Why You Should Be Eating (& Drinking!) Turmeric

Turmeric

Lately I’ve been reading a lot about the astounding health benefits of turmeric.  I’ve always had a bottle of the dried stuff lurking somewhere in the back of my spice rack, but until recently, it rarely found its way into my cooking.

Turmeric is a root with tough brown skin and bright yellow-orange flesh – you’ll most often find it used in Indian, Pakistani, Persian and Thai cuisine.  In addition to imparting wonderful earthy flavor and bright color into whatever you cook it with, turmeric also contains anti oxidant, anti viral, anti bacterial, anti fungal, anti carcinogenic, anti mutagenic, and anti inflammatory properties – that’s a lot of really good antis.  Turmeric contains a powerful substance called curcumin, which has been linked to cancer prevention (including slowing the growth of preexisting cancerous tumors and destroying cancer cells), relief from arthritis, Alzheimer’s disease prevention (and also slowing the progression of the disease), reduced risk of heart disease, liver detoxification, reduced cholesterol, reduced weight gain, regulated insulin levels, reduced cramping, and a strengthened immune system.  Ah, yeah…I’m convinced.

Once I started reading about how this little root can do so much for our health and bodies, I decided to make a concerted effort to regularly incorporate it into my diet.  I still have turmeric powder, but I’m a big believer in using food in its whole and original form (when possible) so I ordered a few pounds of the fresh stuff online (you can also find fresh turmeric root occasionally at Whole Foods and other health stores).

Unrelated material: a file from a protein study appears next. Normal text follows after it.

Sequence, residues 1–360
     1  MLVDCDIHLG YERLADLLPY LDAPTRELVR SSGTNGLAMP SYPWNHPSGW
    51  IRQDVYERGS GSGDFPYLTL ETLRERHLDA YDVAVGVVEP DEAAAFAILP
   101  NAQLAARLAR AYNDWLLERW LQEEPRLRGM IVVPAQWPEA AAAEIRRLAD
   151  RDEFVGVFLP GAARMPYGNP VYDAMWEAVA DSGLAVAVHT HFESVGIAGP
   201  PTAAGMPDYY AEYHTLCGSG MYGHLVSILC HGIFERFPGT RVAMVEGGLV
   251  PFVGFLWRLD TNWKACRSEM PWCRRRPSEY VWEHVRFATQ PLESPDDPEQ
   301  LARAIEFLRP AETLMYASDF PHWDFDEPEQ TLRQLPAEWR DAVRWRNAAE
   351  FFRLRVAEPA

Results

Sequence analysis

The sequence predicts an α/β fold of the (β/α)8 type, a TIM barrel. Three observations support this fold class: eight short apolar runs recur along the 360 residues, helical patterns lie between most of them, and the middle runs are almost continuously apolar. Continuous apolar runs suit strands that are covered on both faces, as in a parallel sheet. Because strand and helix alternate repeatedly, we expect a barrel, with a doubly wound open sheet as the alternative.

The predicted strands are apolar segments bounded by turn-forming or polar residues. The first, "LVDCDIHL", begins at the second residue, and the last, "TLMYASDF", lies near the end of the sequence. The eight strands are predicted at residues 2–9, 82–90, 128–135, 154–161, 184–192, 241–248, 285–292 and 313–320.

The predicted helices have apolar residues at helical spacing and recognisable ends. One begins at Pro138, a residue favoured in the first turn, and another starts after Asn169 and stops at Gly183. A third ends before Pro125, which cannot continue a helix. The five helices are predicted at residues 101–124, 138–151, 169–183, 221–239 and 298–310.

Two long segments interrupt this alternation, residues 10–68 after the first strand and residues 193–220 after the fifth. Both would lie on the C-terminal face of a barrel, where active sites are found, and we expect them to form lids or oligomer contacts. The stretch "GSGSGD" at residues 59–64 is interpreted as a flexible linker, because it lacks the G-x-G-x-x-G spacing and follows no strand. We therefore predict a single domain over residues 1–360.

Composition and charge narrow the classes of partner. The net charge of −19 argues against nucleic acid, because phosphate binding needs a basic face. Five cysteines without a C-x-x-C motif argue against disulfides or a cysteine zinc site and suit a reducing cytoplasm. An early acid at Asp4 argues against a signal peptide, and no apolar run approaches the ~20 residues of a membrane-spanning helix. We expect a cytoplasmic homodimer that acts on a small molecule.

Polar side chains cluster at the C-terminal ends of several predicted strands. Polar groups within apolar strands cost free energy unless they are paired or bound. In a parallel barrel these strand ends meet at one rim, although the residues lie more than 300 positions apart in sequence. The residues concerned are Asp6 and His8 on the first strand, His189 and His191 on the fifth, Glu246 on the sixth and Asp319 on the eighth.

I prep turmeric by peeling it with my favorite vegetable peeler and then either slicing, chopping, mincing, or finely grating it (with a Microplane) into whatever it is I’m cooking it with.  I store whatever I’m not using either in a Ziploc bag in the refrigerator, or tightly wrapped up in the freezer.

Here are some of my favorite ways to incorporate turmeric (both ground and fresh) into my diet:

  • Blended into a smoothie or green juice
  • Steeped in hot water with ginger and a little agave (recipe here)
  • Grated into marinades (for tofu, tempeh & veggies), sauces, and salad dressings
  • Grated into pots of rice, quinoa, and other grains, and beans, lentils, chickpeas, etc.
  • Grated into homemade veggie burger/lentil loaf mixtures
  • Tossed into tofu scrambles
  • Thinly sliced into stir fries
  • Minced and used in soups, stews, curries and broths
  • Chopped and roasted with vegetables and/or potatoes
  • Sprinkled on top of cooked dark leafy greens

What are your favorite ways to use turmeric?

(image via Pinterest)

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5 Sites I’m Loving Right Now

5 Sites I'm Loving Right Now

Along with my beloved morning coffee, my most essential AM ritual is scrolling through my favorite blogs and websites before getting started on the (ahem) more productive aspects of my day.  Most of my favorite sites are linked over on the right side of the blog (under “Link Love”), but there are a few others that I’ve been turning to every day for recipe ideas, wellness advice, exercise motivation, and just generally smart, readable content.  Here are 5 sites that I’m loving right now:

Well + Good NYC: While this site is technically geared toward the NYC metro area, I think that the large majority of their content is applicable to health conscious people worldwide.  Some of my favorite features are the “Refrigerator Look Book” (a glimpse into the fridges of healthy New Yorkers), and the Pantry Primers.  Lots of great workout inspiration here too, if you’re motivationally challenged like me.

MindBodyGreen: I only just discovered MindBodyGreen a few weeks ago and I’m so glad I did!  I love this website for its sound, up-to-speed diet advice, frequent vegan recipes, and holistic approach to health/wellness.